A cyclist who severely injured himself after riding into a boom gate has successfully defended an appeal from the council deemed responsible for the accident.
Rockdale City Council erected the barrier to enclose a stretch of land next to a local sailing club and its car park. The council had an informal agreement with the club that allowed the club to lock and unlock the gate whenever it pleased.
In the original case, the cyclist was awarded $1.16 million in public liability compensation after the judge ruled the council had breached its duty of care when the man collided with the lowered gate. The club, a co-defendant, was cleared of any responsibility.
The $1.16 million payout was reduced by 20 per cent due to contributory negligence, meaning the plaintiff was considered to be at fault to some extent for his accident.
Injury compensation appeal
The council appealed the first judge’s decision, asking the Court of Appeal to reassess whether or not a duty of care was owed and, if so, whether it had been breached.
Furthermore, the council believed the courts might have erred in only applying a 20 per cent contributory negligence rate.
As a result of the appeal, the cyclist launched a counter-claim to reduce the contributory negligence element of the payout and try to establish a duty of care on the part of the club.
Neither the council nor the cyclist contended the amount of compensation awarded, meaning the original lump sum remained in place until liability was confirmed.
Public liability decision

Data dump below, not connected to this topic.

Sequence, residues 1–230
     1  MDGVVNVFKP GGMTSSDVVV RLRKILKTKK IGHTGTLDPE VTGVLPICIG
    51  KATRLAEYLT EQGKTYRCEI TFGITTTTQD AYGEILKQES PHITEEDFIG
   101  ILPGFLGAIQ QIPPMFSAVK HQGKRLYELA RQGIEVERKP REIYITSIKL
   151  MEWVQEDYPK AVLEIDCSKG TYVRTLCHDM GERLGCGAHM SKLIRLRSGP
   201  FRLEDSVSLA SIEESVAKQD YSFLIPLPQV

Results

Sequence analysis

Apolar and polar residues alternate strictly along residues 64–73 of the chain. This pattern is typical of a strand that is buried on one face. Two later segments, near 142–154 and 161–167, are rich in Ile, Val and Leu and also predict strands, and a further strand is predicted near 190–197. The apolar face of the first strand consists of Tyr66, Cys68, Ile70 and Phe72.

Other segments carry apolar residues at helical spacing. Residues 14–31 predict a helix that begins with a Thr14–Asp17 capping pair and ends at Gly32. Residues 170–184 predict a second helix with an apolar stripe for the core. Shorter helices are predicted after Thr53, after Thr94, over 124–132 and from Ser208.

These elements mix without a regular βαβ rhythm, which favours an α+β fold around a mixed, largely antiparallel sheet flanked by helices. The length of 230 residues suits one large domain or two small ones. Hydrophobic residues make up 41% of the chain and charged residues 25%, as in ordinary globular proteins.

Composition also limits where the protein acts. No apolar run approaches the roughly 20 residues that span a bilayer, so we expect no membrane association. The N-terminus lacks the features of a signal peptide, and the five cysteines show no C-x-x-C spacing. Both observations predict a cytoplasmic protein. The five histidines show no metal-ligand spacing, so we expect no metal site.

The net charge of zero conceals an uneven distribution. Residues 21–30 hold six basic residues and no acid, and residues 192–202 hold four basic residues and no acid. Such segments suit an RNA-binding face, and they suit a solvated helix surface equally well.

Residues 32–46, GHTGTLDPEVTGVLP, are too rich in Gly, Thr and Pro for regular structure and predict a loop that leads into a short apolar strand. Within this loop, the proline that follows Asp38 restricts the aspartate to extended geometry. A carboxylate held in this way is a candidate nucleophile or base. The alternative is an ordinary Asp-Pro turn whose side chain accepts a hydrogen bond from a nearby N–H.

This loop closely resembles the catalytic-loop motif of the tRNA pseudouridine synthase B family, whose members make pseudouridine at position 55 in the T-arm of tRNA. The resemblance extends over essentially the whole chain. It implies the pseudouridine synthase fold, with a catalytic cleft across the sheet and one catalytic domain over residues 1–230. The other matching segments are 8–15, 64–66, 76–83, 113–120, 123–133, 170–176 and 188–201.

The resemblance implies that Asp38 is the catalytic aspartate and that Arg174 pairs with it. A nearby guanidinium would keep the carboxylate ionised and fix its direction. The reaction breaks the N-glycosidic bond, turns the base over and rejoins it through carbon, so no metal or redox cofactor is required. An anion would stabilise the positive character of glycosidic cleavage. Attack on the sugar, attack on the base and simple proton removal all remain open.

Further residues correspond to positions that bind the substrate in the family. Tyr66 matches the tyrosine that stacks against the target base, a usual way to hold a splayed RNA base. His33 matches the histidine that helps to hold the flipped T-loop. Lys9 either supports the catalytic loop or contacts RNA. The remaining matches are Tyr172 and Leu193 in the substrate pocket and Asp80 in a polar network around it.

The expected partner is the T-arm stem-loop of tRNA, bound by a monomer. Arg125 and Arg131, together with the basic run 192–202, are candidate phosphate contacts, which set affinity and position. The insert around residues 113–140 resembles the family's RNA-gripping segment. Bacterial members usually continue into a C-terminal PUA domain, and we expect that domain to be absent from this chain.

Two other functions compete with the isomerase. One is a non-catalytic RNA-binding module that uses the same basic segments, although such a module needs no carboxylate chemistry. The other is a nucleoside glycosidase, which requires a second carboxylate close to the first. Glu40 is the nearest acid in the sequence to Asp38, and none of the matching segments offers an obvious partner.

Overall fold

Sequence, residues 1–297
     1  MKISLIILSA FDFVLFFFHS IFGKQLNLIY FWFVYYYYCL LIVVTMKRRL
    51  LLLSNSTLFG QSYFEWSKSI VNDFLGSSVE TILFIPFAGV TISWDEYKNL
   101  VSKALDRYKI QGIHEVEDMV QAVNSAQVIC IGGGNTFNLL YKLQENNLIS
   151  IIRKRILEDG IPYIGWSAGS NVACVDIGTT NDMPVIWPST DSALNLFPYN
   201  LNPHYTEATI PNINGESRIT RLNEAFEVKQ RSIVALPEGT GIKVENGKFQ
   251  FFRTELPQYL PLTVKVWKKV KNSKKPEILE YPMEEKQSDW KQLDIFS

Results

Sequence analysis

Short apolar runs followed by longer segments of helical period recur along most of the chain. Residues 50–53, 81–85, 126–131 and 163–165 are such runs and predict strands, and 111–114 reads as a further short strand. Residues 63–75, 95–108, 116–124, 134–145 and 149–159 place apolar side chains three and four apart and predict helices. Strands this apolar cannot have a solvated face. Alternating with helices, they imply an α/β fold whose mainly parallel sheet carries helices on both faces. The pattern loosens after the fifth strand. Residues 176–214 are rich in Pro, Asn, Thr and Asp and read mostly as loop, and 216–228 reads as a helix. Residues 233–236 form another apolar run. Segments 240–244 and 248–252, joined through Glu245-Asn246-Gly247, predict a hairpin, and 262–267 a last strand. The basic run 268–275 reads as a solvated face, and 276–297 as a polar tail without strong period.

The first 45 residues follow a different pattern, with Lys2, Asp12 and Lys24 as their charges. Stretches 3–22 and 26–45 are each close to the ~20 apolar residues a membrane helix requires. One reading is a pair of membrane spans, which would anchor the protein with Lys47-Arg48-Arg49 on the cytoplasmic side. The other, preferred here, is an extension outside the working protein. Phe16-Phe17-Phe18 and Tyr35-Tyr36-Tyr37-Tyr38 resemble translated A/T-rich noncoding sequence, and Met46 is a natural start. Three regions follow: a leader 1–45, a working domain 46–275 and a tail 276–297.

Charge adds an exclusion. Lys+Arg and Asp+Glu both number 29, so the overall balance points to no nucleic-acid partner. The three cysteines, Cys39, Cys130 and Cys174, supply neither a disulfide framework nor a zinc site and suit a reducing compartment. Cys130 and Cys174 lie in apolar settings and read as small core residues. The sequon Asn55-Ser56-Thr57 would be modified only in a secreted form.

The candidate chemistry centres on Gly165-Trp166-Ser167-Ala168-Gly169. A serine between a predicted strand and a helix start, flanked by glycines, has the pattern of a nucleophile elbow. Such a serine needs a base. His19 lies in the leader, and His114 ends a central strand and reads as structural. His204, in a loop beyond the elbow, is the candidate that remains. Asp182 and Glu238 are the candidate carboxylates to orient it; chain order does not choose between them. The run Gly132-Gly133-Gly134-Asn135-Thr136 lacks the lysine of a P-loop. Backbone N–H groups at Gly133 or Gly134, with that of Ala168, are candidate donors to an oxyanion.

The appellate judges ruled against the council on all counts, claiming that a duty of care had been owed and that this was clearly breached.
Significant factors included the absence of a manned system for locking and unlocking the gate and the fact the council had previously been informed of other cyclists colliding with the barrier.
In addition, the judges said there was no other reasonable exit route from the car park where the incident occurred. The council had also failed to implement simple safety measures to prevent accidents.
While the cyclist’s counter-claim inferring a duty of care on the club was dismissed, the contributory negligence element succeeded. In fact, the appellate court found no negligence on the respondent’s part.
According to the judges, the man had been keeping a proper lookout, did not see the gate in time and was not travelling at excess speed.
“In those circumstances, there was simply no scope for any finding of contributory negligence,” court documents explained.
The man was therefore awarded the full $1.16 million without reductions.